From 1998 to 2006, Mitch Tobin covered environmental and other issues for the Napa Valley Register, Tucson Citizen, Arizona Daily Star, and High Country News. He won numerous awards for explanatory, feature, and deadline writing, including two first prizes from the Arizona Associated Press Managing Editors for his stories on water and border issues. Endangered grew out of his yearlong series on Arizona’s endangered species, which was a finalist for the John B. Oakes Award for Distinguished Environmental Journalism.
As a reporter, Mitch was certified as a wildland firefighter by the Coronado National Forest, which allowed him to embed with crews battling some of the largest blazes in the Southwest’s recorded history. Tobin’s coverage of the 2002 wildfires, including the 470,000-acre Rodeo-Chediski Fire, was honored in the Best of the West contest. In 2006, Mitch was named one of eight fellows of the Alicia Patterson Foundation, sponsor of the nation’s oldest writing fellowship for journalists.
Before becoming a reporter, Mitch worked for the Urban Institute in Washington; the Arizona League of Conservation Voters in Tucson; the National Parks Conservation Association in Oakland; and the Institute of Governmental Studies at UC Berkeley. He has also taught English in Ecuador and journalism at Pima Community College.
Mitch is a now consultant with California Environmental Associates, a San Francisco-based firm that helps foundations and NGOs with strategic and business planning. Currently, Mitch’s work focuses on evaluating programs and investments for philanthropy and tracking environmental trends through the EcoWest project. At CEA, Mitch was a lead writer of the Design to Win report, which outlined an investment strategy for philanthropists interested in fighting global warming. Design to Win helped inspire the Hewlett, Packard, and McKnight foundations to commit more than $1 billion to create ClimateWorks, a global philanthropic network dedicated to reducing greenhouse gas emissions and preventing dangerous climate change.
Mitch grew up on Long Island, graduated from Yale College with a bachelor’s in Ethics, Politics and Economics, and earned a master’s in political science from UC Berkeley. He lives in Denver.
One of the amazing things about modern pregnancy is that you get to see sneak previews through ultrasound sonograms.
While pregnancy is anything but abstract to Ginette, in many ways, I’m on the outside looking in, which has made these in utero images all the more captivating.
Like many expectant parents, I’ve been collecting the views and have assembled them in an online gallery that’s embedded below.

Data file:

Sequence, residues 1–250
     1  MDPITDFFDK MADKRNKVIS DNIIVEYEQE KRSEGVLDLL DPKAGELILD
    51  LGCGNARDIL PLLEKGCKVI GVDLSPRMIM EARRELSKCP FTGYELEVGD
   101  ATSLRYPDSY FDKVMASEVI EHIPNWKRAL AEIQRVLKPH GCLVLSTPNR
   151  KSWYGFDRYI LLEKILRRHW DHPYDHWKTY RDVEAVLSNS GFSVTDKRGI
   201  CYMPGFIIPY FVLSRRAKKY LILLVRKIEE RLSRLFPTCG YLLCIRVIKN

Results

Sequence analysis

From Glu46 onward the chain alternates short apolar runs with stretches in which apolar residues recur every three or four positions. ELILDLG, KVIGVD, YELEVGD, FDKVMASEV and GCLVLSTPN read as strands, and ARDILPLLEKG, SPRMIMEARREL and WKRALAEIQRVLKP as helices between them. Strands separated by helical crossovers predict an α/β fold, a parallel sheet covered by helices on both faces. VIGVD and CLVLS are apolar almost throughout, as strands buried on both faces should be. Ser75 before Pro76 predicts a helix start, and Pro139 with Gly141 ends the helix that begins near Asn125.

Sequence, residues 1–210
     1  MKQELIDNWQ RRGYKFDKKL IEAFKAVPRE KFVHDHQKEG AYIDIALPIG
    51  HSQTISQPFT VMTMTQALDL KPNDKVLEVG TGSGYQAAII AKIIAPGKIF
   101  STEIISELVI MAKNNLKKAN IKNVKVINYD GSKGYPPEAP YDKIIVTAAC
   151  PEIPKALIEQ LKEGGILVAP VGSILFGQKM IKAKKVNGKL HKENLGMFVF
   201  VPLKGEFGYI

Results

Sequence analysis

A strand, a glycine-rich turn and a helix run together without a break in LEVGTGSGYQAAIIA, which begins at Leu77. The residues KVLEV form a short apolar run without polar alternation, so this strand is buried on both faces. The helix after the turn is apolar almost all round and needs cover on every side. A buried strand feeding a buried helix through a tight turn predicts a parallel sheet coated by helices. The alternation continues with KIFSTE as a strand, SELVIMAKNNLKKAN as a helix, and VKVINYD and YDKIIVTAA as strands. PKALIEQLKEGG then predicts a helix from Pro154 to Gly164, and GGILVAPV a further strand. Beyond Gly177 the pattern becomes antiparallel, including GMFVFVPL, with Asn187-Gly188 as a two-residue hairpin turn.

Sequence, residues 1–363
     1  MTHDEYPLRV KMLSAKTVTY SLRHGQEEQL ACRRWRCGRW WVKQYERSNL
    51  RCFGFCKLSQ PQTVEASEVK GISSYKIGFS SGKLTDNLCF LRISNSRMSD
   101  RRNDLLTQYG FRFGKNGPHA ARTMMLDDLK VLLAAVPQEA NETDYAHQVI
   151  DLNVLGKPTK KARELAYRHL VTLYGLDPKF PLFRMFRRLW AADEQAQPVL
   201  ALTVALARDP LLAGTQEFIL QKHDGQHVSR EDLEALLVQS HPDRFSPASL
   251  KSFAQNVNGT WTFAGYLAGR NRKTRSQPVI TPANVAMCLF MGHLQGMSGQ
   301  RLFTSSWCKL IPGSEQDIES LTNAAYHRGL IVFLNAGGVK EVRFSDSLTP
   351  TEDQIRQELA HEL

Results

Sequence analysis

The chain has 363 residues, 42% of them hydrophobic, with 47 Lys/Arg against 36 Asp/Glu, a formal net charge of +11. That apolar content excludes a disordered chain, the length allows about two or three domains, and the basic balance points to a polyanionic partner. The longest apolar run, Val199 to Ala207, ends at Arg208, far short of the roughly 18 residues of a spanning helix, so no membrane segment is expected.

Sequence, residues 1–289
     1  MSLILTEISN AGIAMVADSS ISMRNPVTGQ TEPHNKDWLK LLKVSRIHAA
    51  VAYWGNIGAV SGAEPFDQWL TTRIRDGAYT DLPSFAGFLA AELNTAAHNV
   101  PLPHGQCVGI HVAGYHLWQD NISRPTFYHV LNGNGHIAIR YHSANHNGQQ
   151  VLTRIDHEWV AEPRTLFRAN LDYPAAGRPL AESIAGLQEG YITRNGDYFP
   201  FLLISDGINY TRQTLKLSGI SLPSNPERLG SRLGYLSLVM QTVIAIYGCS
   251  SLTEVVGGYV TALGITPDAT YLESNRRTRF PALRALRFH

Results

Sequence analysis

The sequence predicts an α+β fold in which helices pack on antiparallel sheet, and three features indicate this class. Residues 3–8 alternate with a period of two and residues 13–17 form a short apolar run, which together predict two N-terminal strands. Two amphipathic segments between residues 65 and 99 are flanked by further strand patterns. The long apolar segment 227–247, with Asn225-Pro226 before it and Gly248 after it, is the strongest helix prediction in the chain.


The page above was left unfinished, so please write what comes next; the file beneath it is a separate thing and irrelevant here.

Before Ginette was showing, these images were one of the only ways I could make the pregnancy real. Now, with a little more than two months to go until the due date, and Ginette’s belly seemingly swelling by the day, it’s much easier to visualize something growing and evolving inside her.
The image below was the first glimpse of the embryo and was taken about a month after conception.
During the ultrasound, the technician or doctor will measure the little creature with a ruler tool on the screen, as shown below.
The most recent ultrasound was more than two months ago, at the 20-week milestone that’s roughly the midway point of pregnancy. I was surprised by how developed the fetus’ head was in the image below.
We know we’re expecting a girl, but I’ve had trouble finding the right words to describe the life growing inside of Ginette. “Fetus” is the technical term for an unborn, developing mammal that’s beyond the embryonic stage (see graphic below), but that instantly makes me think of the acrimonious abortion fight.
Part of the issue for me is not wanting to jinx the pregnancy. Traditionally, Jews wouldn’t buy anything for a baby or discuss names until it arrived out of fear it would cause a miscarriage. I’m a Jew by birth, devout atheist by choice, and only superstitious about the N.F.L., but it still feels a little like counting your chickens before they hatch to call a fetus a baby or daughter. Perhaps I’m sensitized to the risk because my father lost his first son and my half-brother, Mark, due to sudden infant death syndrome a half-century ago.
Whatever the cause, hopefully this prenatal syntax issue I’m having will become moot in a couple months when our daughter arrives. I’m not sure if we’ll have any more ultrasounds before then, so the next encounter may be in the flesh.
Over the past two months, Colorado has been slammed by three waves of warm, wet storms that dumped snow measured in feet across the state’s northern and central mountains. These atmospheric rivers are nicknamed the Pineapple Express because they transport subtropical moisture from around Hawaii to the Western United States, as shown in this National Weather Service graphic: